Has Buxton finally grown into a cosmopolitan socially inclusive town, nestled in the shade of “out there” Manchester with its rainbow district and tolerant attitudes?
Doubtless influenced by the presence of those attending Buxton & Leek College or the town’s University of Derby campus, so many diverse communities are “out here right now and enjoying a picnic together.”
Historically and quintessentially a very white English town, Buxton threw open its arms for the picnic crowd, welcoming them whatever the flavour of their favourite amuse-bouche or taste in clothes, friends or lifestyle.
Cake is a very important part of any Pride party, this was no exception and the favourite sentence I heard was: “I just love the pink dungarees!” Picnickers were asked to write on labels why today was important to them and add them to a tree.
Every so often, it does us good to take a look at ourselves, to see that we are all kinds of people who love our town. Chatting amongst ourselves, like we did at the picnic, we realise that on the surface we are all very similar and that the differences make us more interesting. The fact that this event was initiated by the local LGBT community seemed less important than the coming together of interesting people.
Is Buxton growing into an inclusive town? Yes, events like this show that it is moving in the right direction. Should someone correlate the contents of the labels fixed to the Tree of Knowledge, then it will get there.
Buxton residents and visitors describe in words and pictures the story of Buxton’s healing waters. This was a Present from the Past production, a group effort lovingly produced by the local U3A Oral History Group, Buxton Museum, and the Buxton Crescent and Thermal Spa Heritage Trust (apologies if I’ve missed anyone out). It was evidently the result of the work of many people doing the research, interviewing the people, gaining access to sites currently (and long since) concealed or under construction, and assembling it all into an audio-visual production. This was achieved by far too many people to mention individually here although the leading role of Viv Doyle in the production should be acknowledged.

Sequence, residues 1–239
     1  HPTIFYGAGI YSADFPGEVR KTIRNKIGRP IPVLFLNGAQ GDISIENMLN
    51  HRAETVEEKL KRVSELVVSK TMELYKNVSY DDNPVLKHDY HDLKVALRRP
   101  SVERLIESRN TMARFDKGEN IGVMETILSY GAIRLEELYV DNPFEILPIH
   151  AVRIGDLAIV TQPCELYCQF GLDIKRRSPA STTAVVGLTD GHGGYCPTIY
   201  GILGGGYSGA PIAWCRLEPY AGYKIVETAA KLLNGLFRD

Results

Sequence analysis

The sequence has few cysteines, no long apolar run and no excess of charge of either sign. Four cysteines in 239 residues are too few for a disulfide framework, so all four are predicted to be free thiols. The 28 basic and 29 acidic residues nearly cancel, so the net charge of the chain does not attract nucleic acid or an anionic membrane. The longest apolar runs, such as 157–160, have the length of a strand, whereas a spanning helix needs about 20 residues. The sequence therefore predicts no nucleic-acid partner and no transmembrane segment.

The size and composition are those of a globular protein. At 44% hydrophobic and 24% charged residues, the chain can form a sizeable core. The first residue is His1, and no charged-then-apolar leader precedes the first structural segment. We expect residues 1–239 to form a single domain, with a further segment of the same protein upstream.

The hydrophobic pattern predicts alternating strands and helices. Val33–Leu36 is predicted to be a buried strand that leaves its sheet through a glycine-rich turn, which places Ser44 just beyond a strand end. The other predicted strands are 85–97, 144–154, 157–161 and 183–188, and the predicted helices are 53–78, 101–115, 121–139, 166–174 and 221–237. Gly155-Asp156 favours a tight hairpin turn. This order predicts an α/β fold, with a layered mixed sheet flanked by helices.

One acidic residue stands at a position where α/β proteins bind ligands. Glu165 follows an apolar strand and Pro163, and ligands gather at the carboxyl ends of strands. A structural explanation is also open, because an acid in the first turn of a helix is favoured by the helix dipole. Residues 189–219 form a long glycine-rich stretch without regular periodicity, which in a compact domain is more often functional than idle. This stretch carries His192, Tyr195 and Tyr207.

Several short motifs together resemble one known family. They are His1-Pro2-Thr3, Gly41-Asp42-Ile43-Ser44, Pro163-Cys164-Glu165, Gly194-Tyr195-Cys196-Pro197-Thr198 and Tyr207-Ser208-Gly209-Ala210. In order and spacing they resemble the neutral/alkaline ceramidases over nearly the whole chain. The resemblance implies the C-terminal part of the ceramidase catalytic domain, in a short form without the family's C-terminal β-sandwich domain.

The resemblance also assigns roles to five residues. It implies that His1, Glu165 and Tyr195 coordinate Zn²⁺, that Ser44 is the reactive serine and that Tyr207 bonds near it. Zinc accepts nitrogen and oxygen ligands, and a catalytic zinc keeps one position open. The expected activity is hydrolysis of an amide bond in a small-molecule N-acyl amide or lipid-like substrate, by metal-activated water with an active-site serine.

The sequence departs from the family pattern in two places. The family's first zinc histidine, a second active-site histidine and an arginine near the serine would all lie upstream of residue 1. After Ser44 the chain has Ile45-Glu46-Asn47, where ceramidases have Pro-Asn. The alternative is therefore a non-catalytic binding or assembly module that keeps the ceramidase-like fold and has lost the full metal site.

It is an interesting angle from which to look at Buxton’s history, presented here with suitable pictures and watery sounds, starting with priestesses in a grove, followed in due course by druids, Romans, and so on. In spite of Henry VIII’s Commissioners removing the votary walking sticks etc and sealing off the wells, the waters continued to be used for the relief of pain. Notable patients included of course Mary Queen of Scots at the Old Hall, leading a list that later included, for instance, WS Gilbert, Bertrand Russell, Douglas Fairbanks Junior, and Mary Pickford – all sorts.
We were shown interesting sequences of film basically following the flow of the local water to the springs, the baths and their uses, and to the bottling plant and the commercial success of Buxton Water (for instance Barack Obama with his bottle clearly showing the logo). The history of the spa from the building of the Crescent, through for instance Thomas Cook’s travel business, to the current renaissance of the Crescent building (are we nearly there?) was recounted with extracts from newspapers, memoirs, letters, and a scattering of cartoons.
The core of the project is the oral history, the reminiscences of the many people discovered and the interviews providing direct contact with times well before the lifetime and experience of the researchers. The oral approach notably allows the uncovering of the experiences of ordinary people who will never publish their memoirs, but who have stories to tell of ordinary lives and their telling details, back into the not-totally-distant past. In Buxton, how did the grand hotels provide for their grand guests? What about the less grand visitors? What were the experiences of the water treatment patients – hot peat baths: how was that done? What was it like to cope with life’s medical problems when seeing a doctor might cost nearly half a working man’s weekly wage?